Environment Impact

Rail travel is the most environmentally benign mass transportation alternative

  • By operating electric locomotives on the Northeast Corridor, fuel-efficient diesel locomotives in the rest of the system, removing tens of millions of passengers from the highways, and by encouraging cluster development around many of its stations, Amtrak helps mitigate both direct and indirect sources of air pollution.
  • In the United States, highway vehicles accounted for almost all carbon monoxide emissions, 78% of nitrogen oxides, and 77% of volatile organic compounds emitted into the air in 2002. (Source: U.S. Department of Transportation, Bureau of Transportation Statistics, “Transportation Statistics Annual Report”, November 2005.)
  • Many investments on behalf of passenger rail have served to benefit freight rail as well, and freight trains are responsible for between six and twelve times less pollution per mile than trucks. A typical truck emits three times more nitrogen oxides and particulates per ton-mile than a locomotive, and much more greenhouse gases. (Sources: Surface Transportation Policy Project, “State of the Nation’s Intercity Rail,” February 11, 2004. Association of American Railroads, “Overview of U.S. Freight Railroads,” January 2007.)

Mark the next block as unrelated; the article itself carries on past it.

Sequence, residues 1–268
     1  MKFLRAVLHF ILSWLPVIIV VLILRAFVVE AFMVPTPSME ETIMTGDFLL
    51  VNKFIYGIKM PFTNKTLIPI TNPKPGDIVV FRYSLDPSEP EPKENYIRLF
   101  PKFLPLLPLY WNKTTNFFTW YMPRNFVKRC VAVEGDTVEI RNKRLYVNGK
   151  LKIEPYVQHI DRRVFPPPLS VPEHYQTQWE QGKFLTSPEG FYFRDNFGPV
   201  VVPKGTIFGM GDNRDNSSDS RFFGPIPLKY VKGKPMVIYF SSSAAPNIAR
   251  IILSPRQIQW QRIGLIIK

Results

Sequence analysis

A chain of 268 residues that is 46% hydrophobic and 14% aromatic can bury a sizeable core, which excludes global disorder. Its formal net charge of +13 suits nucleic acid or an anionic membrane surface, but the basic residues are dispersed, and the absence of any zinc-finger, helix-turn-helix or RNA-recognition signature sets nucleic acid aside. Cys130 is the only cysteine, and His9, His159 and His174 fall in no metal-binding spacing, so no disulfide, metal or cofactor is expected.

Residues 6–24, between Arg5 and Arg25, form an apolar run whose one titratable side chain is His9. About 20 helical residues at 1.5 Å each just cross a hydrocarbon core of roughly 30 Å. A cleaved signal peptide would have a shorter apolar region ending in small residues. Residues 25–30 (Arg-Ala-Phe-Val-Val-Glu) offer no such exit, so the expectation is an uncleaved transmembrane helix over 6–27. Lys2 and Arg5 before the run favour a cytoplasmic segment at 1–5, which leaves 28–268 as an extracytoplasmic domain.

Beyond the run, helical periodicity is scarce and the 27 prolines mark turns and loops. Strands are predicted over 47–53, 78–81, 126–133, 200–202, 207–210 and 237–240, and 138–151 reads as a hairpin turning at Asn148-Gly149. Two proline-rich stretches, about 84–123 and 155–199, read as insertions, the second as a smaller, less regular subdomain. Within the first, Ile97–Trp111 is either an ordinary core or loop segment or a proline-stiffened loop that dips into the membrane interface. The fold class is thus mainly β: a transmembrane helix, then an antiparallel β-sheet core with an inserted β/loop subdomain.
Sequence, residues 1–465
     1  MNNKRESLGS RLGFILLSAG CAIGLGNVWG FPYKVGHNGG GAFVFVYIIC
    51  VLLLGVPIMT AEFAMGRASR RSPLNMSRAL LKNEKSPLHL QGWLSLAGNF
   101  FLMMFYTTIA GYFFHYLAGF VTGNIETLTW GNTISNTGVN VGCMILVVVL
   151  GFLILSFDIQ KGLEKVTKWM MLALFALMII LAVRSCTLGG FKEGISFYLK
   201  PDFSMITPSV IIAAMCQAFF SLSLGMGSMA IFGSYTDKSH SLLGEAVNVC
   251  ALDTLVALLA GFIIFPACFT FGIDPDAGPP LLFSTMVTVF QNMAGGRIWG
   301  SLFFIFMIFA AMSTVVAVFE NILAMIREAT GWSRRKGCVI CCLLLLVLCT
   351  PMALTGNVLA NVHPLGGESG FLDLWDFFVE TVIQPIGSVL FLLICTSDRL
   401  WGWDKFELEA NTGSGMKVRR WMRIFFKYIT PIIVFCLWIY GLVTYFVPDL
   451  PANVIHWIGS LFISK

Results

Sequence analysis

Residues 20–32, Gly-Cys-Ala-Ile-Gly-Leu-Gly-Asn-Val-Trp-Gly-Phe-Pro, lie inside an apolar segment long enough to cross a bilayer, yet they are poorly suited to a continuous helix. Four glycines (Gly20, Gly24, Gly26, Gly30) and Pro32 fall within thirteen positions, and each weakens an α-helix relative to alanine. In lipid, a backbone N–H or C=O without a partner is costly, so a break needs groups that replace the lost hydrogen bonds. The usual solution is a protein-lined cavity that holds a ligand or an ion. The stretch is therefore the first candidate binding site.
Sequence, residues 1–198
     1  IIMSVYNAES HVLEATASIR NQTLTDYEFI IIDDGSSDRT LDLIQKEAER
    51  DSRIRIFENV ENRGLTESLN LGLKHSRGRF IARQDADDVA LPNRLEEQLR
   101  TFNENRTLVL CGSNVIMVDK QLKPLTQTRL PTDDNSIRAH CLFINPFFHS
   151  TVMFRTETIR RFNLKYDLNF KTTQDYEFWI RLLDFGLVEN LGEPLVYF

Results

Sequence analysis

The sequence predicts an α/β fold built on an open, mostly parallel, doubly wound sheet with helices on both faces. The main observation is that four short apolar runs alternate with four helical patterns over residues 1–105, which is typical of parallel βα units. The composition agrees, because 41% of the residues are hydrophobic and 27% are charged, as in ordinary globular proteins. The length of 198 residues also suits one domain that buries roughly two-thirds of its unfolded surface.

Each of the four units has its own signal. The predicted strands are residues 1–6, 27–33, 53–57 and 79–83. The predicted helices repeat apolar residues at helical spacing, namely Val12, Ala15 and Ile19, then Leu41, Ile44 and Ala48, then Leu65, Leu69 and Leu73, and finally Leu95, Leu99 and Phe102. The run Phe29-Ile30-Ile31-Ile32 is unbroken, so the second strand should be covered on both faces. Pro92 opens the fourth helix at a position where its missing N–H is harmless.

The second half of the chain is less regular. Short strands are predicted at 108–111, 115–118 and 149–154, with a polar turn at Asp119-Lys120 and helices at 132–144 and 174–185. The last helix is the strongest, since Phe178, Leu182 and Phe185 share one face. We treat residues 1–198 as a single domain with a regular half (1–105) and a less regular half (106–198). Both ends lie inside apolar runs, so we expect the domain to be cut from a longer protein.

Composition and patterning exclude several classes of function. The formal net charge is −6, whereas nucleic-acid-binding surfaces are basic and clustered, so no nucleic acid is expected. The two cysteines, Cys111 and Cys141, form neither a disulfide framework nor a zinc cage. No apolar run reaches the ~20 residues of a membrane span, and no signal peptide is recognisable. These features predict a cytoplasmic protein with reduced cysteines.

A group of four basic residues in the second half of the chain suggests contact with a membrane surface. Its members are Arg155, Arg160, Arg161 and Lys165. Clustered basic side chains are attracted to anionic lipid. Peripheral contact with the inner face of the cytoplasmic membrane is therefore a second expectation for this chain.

• Railroads reduce the amount of paved roads, parking lots, and interchanges required for transportation. Paved surfaces damage aquatic life by washing toxic chemicals into waterways, hastening erosion, and altering water temperatures – with serious degradation occurring when more than 10% of a watershed’s acreage is paved. (Source: Pew Oceans Commission, “Coastal Sprawl: The effects of Urban Design on Aquatic Ecosystems in the United States,” 2002.)